The launch of the new program might cause a “very minor delay” in the inflation target getting back to 2%, and the Fed may pause temporarily, but the central bank is expected to continue hiking interest rates, he said.
The Fed did this to ensure confidence in the banking system and provide a mechanism to deal with the $620 billion in unrealized losses, according to Brusuelas.
It appears that the action taken by the Fed, Treasury and FDIC this weekend effectively eliminated the risk of the SVB collapse spreading from a debacle into a systemic issue, said Alex Pelle, US economist for Mizuho Americas.
“What previously took months and quarters took policymakers days and hours,” he said in a note Monday afternoon. “As a result, it is unlikely that the economy will experience the traditional credit crunch that we have seen in the last several business cycles in the post-Volcker era.”
‘Bull in a china shop’
The duration and scope of the Fed’s rate-hiking campaign during the past year did cause some unease among economists, Sahm included, that the rapid increases would create weakness in the financial markets.
“If you have a china shop and you do something stupid and release a bull into the china shop, you’re doing to break things,” she said. “SVB was a bull going into the china shop and they made some extremely bad decisions. … But the Fed helped to create this environment that was going to be susceptible to something like SVB showing up.”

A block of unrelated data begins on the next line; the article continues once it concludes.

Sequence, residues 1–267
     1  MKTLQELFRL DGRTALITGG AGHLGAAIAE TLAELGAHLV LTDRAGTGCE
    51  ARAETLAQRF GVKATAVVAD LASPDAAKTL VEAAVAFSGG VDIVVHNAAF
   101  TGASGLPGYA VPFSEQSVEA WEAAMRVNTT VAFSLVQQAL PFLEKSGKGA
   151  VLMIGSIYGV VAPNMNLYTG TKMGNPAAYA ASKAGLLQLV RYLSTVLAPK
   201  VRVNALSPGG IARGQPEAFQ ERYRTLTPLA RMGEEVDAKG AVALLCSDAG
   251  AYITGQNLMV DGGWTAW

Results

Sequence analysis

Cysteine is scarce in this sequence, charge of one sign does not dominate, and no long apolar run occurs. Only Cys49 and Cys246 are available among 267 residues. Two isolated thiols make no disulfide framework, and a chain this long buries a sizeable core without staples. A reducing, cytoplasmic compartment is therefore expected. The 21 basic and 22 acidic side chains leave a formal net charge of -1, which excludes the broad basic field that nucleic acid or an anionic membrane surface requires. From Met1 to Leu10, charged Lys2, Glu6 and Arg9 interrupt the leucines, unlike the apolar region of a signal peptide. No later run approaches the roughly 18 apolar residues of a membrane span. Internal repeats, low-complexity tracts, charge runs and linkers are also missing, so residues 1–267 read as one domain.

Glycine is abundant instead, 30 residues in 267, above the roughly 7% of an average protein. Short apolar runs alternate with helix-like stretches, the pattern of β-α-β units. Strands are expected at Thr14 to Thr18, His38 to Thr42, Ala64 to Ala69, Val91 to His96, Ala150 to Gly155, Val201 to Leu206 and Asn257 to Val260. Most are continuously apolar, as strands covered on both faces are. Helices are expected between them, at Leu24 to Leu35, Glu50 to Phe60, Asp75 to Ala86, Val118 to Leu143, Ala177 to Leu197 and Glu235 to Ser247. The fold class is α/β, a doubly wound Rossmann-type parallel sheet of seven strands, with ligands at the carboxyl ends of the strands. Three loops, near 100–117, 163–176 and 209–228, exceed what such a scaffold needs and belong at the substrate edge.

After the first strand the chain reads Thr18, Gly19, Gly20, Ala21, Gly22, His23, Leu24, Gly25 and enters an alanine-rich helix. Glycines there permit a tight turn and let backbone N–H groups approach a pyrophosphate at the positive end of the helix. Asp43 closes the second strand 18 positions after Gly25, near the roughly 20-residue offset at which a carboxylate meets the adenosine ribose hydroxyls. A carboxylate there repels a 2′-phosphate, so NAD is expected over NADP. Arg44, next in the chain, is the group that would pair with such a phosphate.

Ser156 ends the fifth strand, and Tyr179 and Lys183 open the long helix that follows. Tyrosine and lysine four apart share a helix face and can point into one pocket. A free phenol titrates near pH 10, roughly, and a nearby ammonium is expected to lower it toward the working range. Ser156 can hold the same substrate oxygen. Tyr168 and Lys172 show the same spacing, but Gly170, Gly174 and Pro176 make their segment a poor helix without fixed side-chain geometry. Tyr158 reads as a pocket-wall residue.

The Fed’s rate hikes factored in to Silicon Valley Bank’s collapse in a couple of ways: Higher borrowing costs hurt the sector’s profit and the ability to raise funds, forcing tech companies to draw down on their bank deposits to fund their operations. And the rate hikes undermined the value of the Treasury bonds that banks rely on as a source of capital, Brusuelas said.
“It would seem to me that blaming the Fed here is an exercise in deflecting blame for decisions on the part of management at these banks to borrow short, lend long and not tend to an effective interest-rate risk management strategy,” he said.
Inflation fight on backburner
By offering a discount window to address a liquidity crisis, the Fed put a floor under the banks to stabilize the broader financial system, Brusuelas said. Once that returns, the central bank can shift its focus back to restoring price stability, he said.
“If the crisis intensifies, the Fed would likely lean toward financial stability getting priority for a brief period of time,” he said, noting a further deterioration this week could spur Fed policymakers to pause its rate hikes.
“But by the time we get to the next meeting [in May], I think we’d likely see a resumption of financial tightening by the Fed in terms of further increases.”
At this stage, the Fed’s sole focus is stabilizing financial markets and, in particular, the banking sector, Sahm said.
“What we do next week with interest rates is really beside the point right now,” she said. “If they don’t get this under control, it’s bad. We’re standing on the edge right now, and the implications if we go over the edge are not good.”
CNN’s Matt Egan contributed to this report.